Germinal

Germinal

4.2 6
by Emile Zola
     
 

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The thirteenth novel in Émile Zola's great Rougon-Macquart sequence, Germinal expresses outrage at the exploitation of the many by the few, but also shows humanity's capacity for compassion and hope.

Etienne Lantier, an unemployed railway worker, is a clever but uneducated young man with a dangerous temper. Forced to take a back-breaking job at Le

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Overview

The thirteenth novel in Émile Zola's great Rougon-Macquart sequence, Germinal expresses outrage at the exploitation of the many by the few, but also shows humanity's capacity for compassion and hope.

Etienne Lantier, an unemployed railway worker, is a clever but uneducated young man with a dangerous temper. Forced to take a back-breaking job at Le Voreux mine when he cannot get other work, he discovers that his fellow miners are ill, hungry, and in debt, unable to feed and clothe their families. When conditions in the mining community deteriorate even further, Lantier finds himself leading a strike that could mean starvation or salvation for all.

Author Biography: Émile Zola (1840-1902) was the leading figure in the French school of naturalistic fiction. His principal work, Les Rougon-Macquart, is a panorama of mid-nineteenth century French life in a cycle of twenty novels which Zola wrote over a period of twenty-two years.

Roger Pearson is professor of French at the University of Oxford and fellow and tutor in French at The Queen's College, Oxford.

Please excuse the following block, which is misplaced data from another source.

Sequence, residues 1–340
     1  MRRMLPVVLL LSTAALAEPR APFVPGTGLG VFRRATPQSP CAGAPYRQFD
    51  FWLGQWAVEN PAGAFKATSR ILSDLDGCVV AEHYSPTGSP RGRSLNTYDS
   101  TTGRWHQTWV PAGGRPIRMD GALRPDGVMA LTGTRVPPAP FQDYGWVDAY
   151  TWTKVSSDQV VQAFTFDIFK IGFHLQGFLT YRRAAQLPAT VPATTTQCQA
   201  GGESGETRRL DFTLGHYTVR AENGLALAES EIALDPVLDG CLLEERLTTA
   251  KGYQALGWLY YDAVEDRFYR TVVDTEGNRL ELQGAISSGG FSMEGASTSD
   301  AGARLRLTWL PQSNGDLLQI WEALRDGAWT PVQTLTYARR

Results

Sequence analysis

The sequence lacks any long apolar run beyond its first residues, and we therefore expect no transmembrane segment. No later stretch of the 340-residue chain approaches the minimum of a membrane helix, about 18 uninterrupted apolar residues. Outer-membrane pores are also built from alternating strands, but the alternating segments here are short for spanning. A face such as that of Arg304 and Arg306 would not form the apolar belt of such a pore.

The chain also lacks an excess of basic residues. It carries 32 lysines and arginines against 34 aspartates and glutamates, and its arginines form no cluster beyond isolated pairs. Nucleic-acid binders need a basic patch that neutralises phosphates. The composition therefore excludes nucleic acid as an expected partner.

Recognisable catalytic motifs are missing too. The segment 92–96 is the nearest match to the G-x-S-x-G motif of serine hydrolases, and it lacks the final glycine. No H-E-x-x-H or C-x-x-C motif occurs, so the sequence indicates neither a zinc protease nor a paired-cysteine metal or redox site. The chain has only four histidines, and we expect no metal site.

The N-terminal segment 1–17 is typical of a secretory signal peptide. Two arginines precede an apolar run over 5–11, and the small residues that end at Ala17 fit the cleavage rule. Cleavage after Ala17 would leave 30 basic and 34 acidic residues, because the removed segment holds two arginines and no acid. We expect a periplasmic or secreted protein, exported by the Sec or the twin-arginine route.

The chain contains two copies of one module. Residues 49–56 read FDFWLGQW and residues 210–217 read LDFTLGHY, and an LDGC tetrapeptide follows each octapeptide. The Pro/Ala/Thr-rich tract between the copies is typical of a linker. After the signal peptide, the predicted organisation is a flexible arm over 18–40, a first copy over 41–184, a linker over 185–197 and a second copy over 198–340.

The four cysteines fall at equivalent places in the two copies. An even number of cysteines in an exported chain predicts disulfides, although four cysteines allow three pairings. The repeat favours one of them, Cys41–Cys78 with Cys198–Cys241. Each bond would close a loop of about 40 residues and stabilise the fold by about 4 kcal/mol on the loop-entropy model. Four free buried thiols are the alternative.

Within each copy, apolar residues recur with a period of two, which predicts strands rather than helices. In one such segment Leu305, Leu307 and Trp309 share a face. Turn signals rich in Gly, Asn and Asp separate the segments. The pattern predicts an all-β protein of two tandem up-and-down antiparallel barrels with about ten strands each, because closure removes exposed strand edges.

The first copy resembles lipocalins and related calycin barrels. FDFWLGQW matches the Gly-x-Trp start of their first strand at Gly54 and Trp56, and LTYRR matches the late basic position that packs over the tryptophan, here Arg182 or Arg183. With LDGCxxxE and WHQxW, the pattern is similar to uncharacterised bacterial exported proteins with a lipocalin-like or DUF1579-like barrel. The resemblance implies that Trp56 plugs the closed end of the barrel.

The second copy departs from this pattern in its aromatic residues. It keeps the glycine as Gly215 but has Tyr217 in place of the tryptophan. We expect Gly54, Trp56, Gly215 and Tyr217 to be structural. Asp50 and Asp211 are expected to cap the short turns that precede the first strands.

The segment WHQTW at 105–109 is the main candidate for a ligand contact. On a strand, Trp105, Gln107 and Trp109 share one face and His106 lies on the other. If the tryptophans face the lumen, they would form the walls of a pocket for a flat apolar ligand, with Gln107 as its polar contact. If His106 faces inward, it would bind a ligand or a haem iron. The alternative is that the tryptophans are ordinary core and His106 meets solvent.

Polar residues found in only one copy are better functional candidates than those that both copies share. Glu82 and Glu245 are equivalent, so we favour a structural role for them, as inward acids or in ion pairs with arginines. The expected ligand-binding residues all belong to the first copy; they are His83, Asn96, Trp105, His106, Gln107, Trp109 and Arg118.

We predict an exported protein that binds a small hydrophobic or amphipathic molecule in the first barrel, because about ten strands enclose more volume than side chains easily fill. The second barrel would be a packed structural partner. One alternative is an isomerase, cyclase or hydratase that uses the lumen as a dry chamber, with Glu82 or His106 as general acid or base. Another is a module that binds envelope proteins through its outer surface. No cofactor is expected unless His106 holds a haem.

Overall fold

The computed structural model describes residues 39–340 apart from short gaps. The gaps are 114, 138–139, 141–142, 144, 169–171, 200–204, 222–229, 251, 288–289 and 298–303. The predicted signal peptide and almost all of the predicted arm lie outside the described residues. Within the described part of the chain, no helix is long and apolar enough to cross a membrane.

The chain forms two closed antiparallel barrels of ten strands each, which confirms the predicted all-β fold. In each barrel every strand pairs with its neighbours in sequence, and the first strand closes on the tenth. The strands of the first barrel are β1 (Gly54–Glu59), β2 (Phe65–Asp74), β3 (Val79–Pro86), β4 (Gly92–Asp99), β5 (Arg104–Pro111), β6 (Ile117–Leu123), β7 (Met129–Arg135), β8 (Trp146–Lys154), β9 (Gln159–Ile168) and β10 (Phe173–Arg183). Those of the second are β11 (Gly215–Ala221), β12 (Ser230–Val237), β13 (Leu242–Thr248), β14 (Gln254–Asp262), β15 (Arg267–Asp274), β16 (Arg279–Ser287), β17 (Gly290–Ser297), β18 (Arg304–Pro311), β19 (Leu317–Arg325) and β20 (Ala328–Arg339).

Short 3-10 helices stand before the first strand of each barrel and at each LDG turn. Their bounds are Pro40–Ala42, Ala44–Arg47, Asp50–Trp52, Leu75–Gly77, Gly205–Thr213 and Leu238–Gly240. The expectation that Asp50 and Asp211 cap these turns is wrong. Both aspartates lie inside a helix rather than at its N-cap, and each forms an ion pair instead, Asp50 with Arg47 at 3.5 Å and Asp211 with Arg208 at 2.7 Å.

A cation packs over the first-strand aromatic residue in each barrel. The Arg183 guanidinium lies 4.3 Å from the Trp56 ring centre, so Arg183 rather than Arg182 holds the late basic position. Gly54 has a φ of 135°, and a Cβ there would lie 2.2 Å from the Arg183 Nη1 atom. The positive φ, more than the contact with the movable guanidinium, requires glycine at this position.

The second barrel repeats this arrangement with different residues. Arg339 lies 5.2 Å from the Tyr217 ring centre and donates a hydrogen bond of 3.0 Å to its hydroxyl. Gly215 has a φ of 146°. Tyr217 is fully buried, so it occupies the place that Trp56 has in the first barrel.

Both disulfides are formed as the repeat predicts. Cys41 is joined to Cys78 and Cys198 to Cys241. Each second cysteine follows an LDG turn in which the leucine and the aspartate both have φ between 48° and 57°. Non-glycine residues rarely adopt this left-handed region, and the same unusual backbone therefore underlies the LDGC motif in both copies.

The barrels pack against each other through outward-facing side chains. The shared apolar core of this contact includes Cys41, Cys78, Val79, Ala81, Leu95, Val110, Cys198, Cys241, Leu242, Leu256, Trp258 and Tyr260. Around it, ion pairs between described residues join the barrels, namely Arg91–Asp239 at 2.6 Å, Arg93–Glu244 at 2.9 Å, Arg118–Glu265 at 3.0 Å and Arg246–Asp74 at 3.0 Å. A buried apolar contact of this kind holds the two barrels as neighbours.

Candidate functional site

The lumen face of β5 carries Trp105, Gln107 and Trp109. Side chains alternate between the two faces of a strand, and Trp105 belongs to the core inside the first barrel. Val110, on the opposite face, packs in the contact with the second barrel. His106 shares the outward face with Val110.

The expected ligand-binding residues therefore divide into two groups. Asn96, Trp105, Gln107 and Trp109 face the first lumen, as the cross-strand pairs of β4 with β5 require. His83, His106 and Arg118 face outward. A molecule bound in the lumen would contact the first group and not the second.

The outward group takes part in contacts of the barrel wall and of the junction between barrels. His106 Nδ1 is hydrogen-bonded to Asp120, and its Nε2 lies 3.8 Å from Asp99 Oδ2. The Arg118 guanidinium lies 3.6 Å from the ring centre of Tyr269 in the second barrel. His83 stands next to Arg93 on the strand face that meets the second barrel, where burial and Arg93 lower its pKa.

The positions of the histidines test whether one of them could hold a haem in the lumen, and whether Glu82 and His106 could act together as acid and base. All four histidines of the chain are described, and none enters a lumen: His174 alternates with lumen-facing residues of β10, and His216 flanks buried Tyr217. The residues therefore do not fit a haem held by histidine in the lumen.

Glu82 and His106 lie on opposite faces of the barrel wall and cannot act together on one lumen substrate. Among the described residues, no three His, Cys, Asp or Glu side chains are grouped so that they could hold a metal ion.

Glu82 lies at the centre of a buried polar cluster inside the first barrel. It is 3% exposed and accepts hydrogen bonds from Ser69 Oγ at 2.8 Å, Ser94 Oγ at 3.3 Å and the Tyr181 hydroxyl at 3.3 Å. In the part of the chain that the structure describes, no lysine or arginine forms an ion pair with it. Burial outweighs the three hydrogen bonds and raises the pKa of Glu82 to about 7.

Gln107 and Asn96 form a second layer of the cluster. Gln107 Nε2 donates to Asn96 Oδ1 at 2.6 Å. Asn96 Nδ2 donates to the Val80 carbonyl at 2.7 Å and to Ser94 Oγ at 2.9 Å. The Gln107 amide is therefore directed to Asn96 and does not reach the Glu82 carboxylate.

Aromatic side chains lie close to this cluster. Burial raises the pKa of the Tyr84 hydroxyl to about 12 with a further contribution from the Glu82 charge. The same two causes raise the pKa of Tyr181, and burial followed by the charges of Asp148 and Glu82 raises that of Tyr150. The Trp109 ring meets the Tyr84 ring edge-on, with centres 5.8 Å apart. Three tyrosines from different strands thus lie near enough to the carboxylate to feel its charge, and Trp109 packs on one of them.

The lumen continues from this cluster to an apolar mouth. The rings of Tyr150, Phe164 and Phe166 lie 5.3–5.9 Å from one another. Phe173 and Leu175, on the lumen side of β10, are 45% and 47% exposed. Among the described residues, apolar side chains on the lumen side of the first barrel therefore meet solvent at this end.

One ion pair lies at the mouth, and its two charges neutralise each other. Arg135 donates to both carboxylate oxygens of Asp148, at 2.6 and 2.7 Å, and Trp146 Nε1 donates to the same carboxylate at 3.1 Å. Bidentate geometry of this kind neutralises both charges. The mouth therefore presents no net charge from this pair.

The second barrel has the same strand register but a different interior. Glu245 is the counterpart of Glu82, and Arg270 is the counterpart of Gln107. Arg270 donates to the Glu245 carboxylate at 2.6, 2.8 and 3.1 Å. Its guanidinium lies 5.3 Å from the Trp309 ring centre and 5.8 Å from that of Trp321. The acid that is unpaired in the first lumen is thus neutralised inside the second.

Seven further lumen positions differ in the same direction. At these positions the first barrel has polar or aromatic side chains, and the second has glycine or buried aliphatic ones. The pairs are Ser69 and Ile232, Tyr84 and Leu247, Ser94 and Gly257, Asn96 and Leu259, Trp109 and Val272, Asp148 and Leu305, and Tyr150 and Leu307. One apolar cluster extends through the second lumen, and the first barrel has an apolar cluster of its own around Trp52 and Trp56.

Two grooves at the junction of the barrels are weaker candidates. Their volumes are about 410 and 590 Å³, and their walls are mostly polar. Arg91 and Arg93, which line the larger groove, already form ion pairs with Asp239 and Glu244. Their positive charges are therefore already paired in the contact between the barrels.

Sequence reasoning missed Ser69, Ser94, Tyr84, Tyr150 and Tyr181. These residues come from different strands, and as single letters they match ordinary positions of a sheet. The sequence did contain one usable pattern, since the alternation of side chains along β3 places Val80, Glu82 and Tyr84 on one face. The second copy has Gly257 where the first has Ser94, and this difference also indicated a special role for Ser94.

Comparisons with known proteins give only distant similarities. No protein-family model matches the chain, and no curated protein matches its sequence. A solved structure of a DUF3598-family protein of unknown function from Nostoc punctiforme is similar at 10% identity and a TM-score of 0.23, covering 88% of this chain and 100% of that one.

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Editorial Reviews

From the Publisher

"Superb."--Professor James Chastain, Ohio University

"This is far and away the best English translation of Germinal currently available. The translator has captured the nineteenth century flavor of the original without sacrificing clarity or meaning. The introduction and notes are excellent and the map of Montsou and vicinity is a stroke of genius."--Professor Richard Cumming, University of Utah

Product Details

ISBN-13:
9780460018975
Publisher:
J. M. Dent & Sons
Publication date:
01/01/1964

Meet the Author

Emile Zola (1840 - 1902) fue un escritor francés, considerado como el padre y el mayor representante del Naturalismo. Tuvo un papel muy relevante en la revisión del proceso de Alfred Dreyfus, que le costó el exilio. Su influencia sobre las generaciones posteriores de escritores no fue sólo literaria, ya que su actitud de involucrarse tanto en la literatura como en la realidad social se transformó en un paradigma del escritor comprometido y dominó la escena cultural de occidente hasta la década de los 70.

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